- Special Sections
- Public Notices
You know how it is with road trips.
With the wrong people, nothing can be miserable. With the right ones, little in life can be more fun.
I’m coming off of one of the latter.
I’d promised a friend a couple of counties over I’d drive him up to retrieve his motorcycle from Western Kentucky.
His Suzuki’s sudden abandonment was the result of his being a good son. He’d been visiting his mother and father a couple of weeks earlier when his uncle in Texas died. He had left the bike (his Mistress, I like to call it) to help drive his parents to Houston in their van. From Houston, his brother and cousins got him home.
Anyway, I’m a sucker for the good-son type — and for a road trip — so on a sunny Saturday morning, we headed west across the Cumberland Plateau.
We packed plenty of music CDs and stayed on backroads as much as possible.
We stopped in McMinnville for coffee and to allow me to pick up a copy of the well-respected local paper, and in Murfreesboro for a good lunch at a busy diner on the courthouse square.
We also hit up a couple of second-hand shops to look for CDs to add to our music mix.
Then we hit the road again, heading north from Middle Tennessee toward Hoptown — Hopkinsville, Ky., to those of you who don’t know the local parlance — and beyond.
Our destination — Madisonville.
A few months ago, my friend and I had discovered we have some uncanny bits of common history. His father and mine both graduated from the civil engineering program at the University of Kentucky in 1960. They both went to survey camp together. Both were married and had children at the time. Both my friend and I were born in Lexington while our fathers were in school there.
We kept our visit short during our first stop at his parents’ house because his father wasn’t feeling well and his mother was taking him to a walk-in clinic.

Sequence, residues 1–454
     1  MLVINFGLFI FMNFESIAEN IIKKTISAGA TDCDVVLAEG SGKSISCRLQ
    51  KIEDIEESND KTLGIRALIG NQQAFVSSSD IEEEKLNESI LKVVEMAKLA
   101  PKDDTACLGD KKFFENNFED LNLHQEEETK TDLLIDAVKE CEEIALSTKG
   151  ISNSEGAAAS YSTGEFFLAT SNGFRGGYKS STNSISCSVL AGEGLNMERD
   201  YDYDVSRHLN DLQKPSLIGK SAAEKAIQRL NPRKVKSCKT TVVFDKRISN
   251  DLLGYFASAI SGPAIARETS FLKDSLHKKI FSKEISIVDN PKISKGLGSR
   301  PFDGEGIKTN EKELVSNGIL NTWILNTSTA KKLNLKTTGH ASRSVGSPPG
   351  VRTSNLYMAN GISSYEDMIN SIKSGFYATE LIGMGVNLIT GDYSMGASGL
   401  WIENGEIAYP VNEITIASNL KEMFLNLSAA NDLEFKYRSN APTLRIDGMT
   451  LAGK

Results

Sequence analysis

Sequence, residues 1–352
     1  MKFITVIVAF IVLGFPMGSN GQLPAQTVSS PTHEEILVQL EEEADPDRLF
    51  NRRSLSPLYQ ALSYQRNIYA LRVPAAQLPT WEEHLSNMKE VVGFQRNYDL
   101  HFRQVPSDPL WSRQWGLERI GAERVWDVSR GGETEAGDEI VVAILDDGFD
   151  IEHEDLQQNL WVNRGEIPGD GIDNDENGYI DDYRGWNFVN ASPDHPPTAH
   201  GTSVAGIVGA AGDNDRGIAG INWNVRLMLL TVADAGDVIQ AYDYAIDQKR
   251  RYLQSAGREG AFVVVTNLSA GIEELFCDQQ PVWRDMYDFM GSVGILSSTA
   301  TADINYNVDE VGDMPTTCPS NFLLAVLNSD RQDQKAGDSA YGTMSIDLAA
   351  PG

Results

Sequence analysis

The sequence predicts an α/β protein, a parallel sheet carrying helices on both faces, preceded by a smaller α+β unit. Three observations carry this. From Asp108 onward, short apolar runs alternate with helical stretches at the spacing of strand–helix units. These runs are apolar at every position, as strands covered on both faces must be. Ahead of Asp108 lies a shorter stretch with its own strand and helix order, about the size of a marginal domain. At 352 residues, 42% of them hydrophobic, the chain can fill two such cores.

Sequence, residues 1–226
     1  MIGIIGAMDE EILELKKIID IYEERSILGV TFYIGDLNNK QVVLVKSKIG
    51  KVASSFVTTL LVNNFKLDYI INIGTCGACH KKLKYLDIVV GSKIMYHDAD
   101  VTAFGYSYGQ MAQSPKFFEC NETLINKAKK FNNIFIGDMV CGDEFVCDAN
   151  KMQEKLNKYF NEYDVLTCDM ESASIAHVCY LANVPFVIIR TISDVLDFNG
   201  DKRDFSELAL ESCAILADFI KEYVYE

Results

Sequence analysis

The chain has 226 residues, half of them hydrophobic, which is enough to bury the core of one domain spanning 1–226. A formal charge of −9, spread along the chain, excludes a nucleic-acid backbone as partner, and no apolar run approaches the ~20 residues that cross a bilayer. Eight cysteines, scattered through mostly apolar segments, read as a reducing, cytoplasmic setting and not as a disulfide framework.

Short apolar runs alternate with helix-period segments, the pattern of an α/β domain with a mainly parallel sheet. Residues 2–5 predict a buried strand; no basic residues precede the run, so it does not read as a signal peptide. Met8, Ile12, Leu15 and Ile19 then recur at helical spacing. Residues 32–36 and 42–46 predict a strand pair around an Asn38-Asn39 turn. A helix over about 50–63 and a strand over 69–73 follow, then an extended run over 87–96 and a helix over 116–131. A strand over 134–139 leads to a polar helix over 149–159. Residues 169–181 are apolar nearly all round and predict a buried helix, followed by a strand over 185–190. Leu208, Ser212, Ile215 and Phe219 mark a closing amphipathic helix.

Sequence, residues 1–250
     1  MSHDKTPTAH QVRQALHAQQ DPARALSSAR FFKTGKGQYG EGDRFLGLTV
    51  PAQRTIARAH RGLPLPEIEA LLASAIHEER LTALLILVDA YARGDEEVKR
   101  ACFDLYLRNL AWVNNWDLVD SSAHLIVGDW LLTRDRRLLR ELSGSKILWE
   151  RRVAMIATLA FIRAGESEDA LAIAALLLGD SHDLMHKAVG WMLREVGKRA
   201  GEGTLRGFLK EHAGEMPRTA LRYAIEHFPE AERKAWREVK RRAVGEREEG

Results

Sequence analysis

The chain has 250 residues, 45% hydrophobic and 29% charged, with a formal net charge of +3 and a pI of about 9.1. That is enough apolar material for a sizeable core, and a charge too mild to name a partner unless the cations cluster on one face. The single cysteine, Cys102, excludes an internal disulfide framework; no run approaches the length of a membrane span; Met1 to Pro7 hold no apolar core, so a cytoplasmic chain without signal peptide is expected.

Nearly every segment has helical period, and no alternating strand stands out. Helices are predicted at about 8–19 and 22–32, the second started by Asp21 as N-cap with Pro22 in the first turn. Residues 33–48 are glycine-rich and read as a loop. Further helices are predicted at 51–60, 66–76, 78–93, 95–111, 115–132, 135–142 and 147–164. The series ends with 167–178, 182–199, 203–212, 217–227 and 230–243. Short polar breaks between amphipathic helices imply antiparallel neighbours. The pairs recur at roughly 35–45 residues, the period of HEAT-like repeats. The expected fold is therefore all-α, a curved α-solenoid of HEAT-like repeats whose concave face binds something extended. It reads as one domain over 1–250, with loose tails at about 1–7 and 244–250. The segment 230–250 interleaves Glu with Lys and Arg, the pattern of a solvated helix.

Before we launched, I had asked my friend if he would mind going another 30 miles west to Sturgis — to the cemetery where my father, grandmother and a few other relatives are buried. At his parents’ house, we learned that his grandmother is buried in the very same cemetery.
We found all our relatives’ graves, snapped some photos and headed across the street to where one of my cousins lives with her husband. They were gathered around the TV watching the first game of NCAA Final Four tournament.
In-between game action, I caught up on the doings and misdeeds of other cousins and relatives.
As we talked about some of the black sheep in my family, I shot my friend a few “please-don’t-think-less-of-me” looks.
He confessed that his family also had a few interesting characters, so I relaxed.
As we prepared to head back to Madisonville, my friend learned his father was being admitted to the hospital with a serious bladder infection.
So instead of heading to his parents’ house, off to the hospital we drove.
As his father settled in at the hospital, we picked up dinner for his mother and ourselves and altered our plans to head on down to Bowling Green or Nashville.
Instead, we stayed in Madisonville with his mother that night.
The three of us sat up late to watch the University of Kentucky play UConn, and my friend — not much of a basketball fan — looked a little pained as his mother and I cheered enthusiastically (loudly) for the Wildcats.
It was such a well-played game that she and I were only mildly disappointed when Kentucky lost by single point.
The following morning was every bit as beautiful as the morning before.
When we headed out again, my friend was on two wheels with me following on four.
I had worried that this part of the road trip would be less fun because of the vehicular separation.
I was wrong.
We stopped for breakfast in Clarksville, got tangled up in a traffic near Nashville, then got clear to head on down Interstate 26 toward Chattanooga.
We stopped here and there, and then headed down backroads to Mont-eagle for a hike at Fiery Gizzard, perhaps the prettiest trail in the state of Tennessee.
And from there we drove the backroads of the Sequatchie Valley.
Surrounded by stunning agrarian beauty, my friend leaned through the two-lane curves on his bike ahead. Me, I had the sunroof open, the windows down, and brothers Gregg and Duane Allman — makers of the best road-trip music ever — a little too loud on the CD player.
We got back just in time to watch the sun set from the back porch.
What a road trip.
I wouldn’t have changed a thing.